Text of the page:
The Minister of Internal Affairs has defended a decision to allow 27 people who made false refugee claims to keep their New Zealand citizenship and remain in the country.
The refugees who were found to have apparently fraudulently obtained refugee status arrived in the country between 1994 and 2000.
Labour immigration spokesperson Sue Moroney said the Minister of Internal Affairs, Peter Dunne, should explain what happened.
"New Zealanders need confidence in the integrity of the system," said Ms Moroney. "The Government needs to disclose what's occurred here so that people can have confidence in it."
Ms Moroney said 27 genuine families could have had refugee status if the frauds had not occurred.
But a spokesman for Mr Dunne said all 27 people had lived here for many years, had unblemished records, and in most cases had either New Zealand children or were married to New Zealanders.
He said Internal Affairs had also checked with Crown Law before deciding not to revoke citizenship.
The test of proof for revoking citizenship was much higher than that for determining someone's refugee status. Proof of fraud had to be unequivocal.
The spokesman said Immigration New Zealand and the Immigration Protection Tribunal had been consulted and both had agreed with the decision not to revoke citizenship.
New Zealand also had to take into account its obligations under the United Nations. Revoking some people's citizenship would have made them stateless.
Minutes of meetings show Immigration New Zealand's refugee and protection unit and its appeal tribunal were unhappy with the decision.
They said it undermined the protection of the refugee system from fraud.
The Department of Internal Affairs, which has the final say on whether to revoke citizenship, said the cases were historical and the decision was made for humanitarian reasons.
However, papers obtained by Radio New Zealand showed Immigration New Zealand blamed the department for inaction.
Internal Affairs said in a statement other cases were being actively pursued, and it was making changes, including amending a citizenship application form so an applicant must confirm they had not given false information to immigration officials.
Mr Dunne said there was no suggestion when those people were granted citizenship that any offences had been committed
"A number of them subsequently have had their own children, who are New Zealand citizens by virtue of being born here. None of them have come to our attention for causing any trouble in the intervening period.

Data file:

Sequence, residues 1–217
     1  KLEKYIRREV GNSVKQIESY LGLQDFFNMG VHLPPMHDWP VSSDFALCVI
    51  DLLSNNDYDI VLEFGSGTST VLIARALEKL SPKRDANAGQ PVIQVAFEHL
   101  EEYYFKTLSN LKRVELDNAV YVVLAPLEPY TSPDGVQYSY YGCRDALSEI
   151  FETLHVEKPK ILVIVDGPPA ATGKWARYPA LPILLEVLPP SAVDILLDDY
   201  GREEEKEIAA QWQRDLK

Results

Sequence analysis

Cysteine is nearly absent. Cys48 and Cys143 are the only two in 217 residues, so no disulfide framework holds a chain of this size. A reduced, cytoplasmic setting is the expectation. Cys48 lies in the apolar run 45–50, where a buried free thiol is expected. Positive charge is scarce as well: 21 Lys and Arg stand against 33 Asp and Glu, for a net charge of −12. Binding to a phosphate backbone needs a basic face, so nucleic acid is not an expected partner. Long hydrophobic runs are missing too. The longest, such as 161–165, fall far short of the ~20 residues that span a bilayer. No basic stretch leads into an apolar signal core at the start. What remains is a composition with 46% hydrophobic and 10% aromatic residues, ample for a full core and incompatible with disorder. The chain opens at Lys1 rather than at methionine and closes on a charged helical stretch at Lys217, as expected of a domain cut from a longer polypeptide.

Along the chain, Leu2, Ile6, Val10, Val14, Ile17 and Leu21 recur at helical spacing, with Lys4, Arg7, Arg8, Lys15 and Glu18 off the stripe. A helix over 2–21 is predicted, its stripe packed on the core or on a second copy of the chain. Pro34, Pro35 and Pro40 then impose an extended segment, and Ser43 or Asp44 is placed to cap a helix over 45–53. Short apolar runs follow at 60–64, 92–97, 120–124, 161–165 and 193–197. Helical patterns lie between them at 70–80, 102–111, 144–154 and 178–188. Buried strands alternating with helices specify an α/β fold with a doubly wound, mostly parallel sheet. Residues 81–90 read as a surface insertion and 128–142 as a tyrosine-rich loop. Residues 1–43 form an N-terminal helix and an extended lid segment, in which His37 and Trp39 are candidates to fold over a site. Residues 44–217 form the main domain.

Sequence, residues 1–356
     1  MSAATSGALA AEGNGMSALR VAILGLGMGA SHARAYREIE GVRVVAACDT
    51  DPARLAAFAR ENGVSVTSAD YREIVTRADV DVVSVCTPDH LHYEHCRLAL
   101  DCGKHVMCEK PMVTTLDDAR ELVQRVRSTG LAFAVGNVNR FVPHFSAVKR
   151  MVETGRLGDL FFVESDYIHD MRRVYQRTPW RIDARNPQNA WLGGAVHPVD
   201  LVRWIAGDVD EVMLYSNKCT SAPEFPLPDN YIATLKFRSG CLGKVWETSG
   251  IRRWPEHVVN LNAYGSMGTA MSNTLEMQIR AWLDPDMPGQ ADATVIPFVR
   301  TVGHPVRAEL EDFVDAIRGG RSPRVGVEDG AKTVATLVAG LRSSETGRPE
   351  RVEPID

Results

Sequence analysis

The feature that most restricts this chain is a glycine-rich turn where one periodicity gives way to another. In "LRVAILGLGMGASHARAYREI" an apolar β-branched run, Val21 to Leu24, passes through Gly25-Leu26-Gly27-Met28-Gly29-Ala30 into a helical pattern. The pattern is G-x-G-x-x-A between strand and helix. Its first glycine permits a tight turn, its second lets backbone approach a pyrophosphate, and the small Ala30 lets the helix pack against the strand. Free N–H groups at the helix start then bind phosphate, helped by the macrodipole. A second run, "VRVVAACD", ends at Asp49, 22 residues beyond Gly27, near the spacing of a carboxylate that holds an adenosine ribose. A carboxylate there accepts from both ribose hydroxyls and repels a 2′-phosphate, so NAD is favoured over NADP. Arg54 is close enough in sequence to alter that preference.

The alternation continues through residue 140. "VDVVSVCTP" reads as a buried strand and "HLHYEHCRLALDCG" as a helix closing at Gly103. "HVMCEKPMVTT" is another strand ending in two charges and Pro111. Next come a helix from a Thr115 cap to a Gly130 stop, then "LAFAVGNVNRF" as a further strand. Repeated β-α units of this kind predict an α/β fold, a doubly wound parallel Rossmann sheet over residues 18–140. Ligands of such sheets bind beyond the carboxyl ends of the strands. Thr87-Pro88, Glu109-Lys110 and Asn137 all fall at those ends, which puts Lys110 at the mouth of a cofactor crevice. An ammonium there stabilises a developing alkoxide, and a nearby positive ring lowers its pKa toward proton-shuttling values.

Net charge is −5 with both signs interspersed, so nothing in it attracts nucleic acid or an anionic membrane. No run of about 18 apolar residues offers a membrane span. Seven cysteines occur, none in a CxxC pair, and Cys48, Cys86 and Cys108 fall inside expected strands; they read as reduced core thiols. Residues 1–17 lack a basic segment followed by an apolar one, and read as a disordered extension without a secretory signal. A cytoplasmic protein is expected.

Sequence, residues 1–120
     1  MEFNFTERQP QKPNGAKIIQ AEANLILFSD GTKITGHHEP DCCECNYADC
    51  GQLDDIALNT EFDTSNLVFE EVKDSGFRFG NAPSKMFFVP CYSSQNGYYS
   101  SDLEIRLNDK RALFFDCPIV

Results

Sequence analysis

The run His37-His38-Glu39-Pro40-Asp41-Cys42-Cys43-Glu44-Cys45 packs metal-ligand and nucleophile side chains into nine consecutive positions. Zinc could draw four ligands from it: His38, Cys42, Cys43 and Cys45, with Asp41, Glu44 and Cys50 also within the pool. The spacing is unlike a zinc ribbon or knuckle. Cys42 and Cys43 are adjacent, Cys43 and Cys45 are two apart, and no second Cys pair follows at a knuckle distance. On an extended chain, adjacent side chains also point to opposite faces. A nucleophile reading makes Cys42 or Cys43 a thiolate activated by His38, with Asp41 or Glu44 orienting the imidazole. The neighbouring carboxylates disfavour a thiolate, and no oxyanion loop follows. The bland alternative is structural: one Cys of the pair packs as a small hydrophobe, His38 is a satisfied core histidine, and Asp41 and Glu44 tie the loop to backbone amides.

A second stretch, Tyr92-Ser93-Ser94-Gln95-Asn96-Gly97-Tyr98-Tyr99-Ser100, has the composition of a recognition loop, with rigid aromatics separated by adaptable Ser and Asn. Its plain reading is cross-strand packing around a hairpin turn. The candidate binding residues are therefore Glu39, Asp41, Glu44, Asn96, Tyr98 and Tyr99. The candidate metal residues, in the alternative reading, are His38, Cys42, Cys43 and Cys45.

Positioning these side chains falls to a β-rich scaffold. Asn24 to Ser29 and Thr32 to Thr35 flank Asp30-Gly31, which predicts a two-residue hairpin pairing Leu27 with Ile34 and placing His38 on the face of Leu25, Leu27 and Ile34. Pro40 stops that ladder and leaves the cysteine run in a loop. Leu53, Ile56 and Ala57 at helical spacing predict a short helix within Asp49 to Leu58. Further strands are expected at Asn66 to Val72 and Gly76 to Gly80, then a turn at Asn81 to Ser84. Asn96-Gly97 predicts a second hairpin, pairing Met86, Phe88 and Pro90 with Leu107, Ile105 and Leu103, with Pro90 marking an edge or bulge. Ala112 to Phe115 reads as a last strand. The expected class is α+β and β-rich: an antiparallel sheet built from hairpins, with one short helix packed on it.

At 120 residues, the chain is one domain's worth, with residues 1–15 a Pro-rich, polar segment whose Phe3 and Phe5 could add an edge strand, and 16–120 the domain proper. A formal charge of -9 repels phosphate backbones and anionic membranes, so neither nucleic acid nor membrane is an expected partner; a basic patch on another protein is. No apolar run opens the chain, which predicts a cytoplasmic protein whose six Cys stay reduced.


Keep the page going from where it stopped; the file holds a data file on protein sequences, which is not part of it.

"From natural justice points of view, it's not a logical thing to do."
Internal Affairs said the criteria for losing citizenship is different to those used for cancelling refugee status in fraud cases.
"The legal criteria for cancellation of refugee status and the deprivation of citizenship are different and are determined independently by the two agencies based on their respective legislation," the department and Immigration New Zealand said in a statement.
"Immigration New Zealand is charged with ensuring the refugee system is protected from abuse and that those who do not need or deserve protection do not benefit from their fraud.
"DIA is charged with determining whether the circumstances of the case meet the standard required to proceed with deprivation of citizenship."
The department said it was making changes to strengthen the process around revoking citizenship in such cases.
In the minutes of one meeting, Immigration New Zealand pointed to Internal Affairs' "continuing reluctance to deprive cancelled refugees of citizenship."
Immigration New Zealand pointed out that those who have their citizenship cancelled revert to having residence status, so would then be in a position to appeal against any attempt to deport them - which should allay humanitarian concerns.
Immigration consultant Tuariki John Delamere said any bogus refugees should be prosecuted for fraud and stripped of their citizenship.
Mr Delamere, a former immigration minister, told Morning Report the appearance to other refugees is that it is open season in New Zealand, where nothing is done about people who falsely gain citizenship.
Refugee Council speaks out
The refugee council said it had never known of cases where the Internal Affairs Department had allowed bogus refugees to keep their citizenship.
Refugee Council president Arif Saeid said Internal Affairs may be concerned over the risk of them being sent back to an unsafe country.
Mr Saeid said usually refugees lost their citizenship when they committed fraud, but would then be able to put forward another asylum case, and only if that failed would they be deported.